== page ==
- Posted by R2ES Laboratory
- On 21 Agosto 2019
- 0 Comments
After nearly a decade of only small development in capacity in deep geothermal sector in Europe, in recent years a resurgence of interest in geothermal power and the use of innovative technologies to increase and better exploit geo-thermoelectric generation has stolen the limelight from the scientific community. Differently from other types of energy sources, the environmental impacts determined by geothermal exploitation are extremely dependent on the geographical location.
Life Cycle Assessment offers a powerful methodological approach for the investigation of the environmental footprint of power generation systems. Focusing on an unprecedented system-modelling approach for the investigation of an environmental impacts analysis of geo-thermoelectric activity in the Tuscany Region, Italy, in this work we perform a comprehensive environmental impact assessment for the calculation of atmospheric emissions profiles connected with the operational phase of the power plants. A clustering of all the geothermal installations in operation nowadays is performed by considering geographical representativeness. This allows the identification of regional geothermal subareas. Moreover, an extensive data processing analysis is implemented with the aim of reconciling the great variability found among data collected.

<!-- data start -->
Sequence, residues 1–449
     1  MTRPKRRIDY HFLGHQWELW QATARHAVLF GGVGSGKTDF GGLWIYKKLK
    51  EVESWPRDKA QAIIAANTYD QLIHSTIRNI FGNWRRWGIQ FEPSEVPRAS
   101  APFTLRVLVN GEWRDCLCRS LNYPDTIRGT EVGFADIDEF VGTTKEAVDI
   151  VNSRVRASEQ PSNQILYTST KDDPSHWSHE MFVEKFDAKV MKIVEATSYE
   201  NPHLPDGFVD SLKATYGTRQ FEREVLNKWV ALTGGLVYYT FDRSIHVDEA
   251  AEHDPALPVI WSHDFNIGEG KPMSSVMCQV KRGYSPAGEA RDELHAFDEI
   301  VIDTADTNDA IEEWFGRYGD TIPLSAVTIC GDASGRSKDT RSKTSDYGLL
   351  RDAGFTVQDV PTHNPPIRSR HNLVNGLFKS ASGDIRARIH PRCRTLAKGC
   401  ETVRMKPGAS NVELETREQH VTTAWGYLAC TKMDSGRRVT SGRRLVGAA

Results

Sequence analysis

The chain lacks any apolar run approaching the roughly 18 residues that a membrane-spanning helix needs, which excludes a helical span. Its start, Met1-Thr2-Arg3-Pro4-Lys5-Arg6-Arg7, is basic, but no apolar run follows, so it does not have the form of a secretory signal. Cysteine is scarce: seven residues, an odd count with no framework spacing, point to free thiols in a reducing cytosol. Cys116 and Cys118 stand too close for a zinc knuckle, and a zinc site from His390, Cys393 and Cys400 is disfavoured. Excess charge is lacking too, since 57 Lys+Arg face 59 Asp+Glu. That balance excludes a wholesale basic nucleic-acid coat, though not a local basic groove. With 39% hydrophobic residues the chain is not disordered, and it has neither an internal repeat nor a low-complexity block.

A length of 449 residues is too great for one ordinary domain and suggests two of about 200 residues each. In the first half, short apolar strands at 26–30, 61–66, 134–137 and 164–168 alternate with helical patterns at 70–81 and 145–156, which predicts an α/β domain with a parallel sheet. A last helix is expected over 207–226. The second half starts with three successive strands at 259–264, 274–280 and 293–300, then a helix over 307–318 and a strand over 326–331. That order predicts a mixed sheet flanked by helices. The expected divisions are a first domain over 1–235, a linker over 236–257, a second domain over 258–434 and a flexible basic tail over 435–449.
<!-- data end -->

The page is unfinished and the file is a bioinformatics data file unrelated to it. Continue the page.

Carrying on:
Results demonstrate that the efforts undertaken by the operator of the geothermal power plants to limit the impact of emissions, through abatement systems like AMIS, are quite effective. Indeed, in areas where mercury and ammonia concentration in fluids constitute a problem to deal with, nowadays the emissive patterns result comparable to the other ones. Notwithstanding, mercury and ammonia emissions, mainly emitted through the cooling towers, still represent a critical problem for all the geothermal fields. On the basis of our findings we conclude that potential chemical interactions and environmental impacts related to the variety of the compounds emitted should be object of future research and a further effort to minimize them.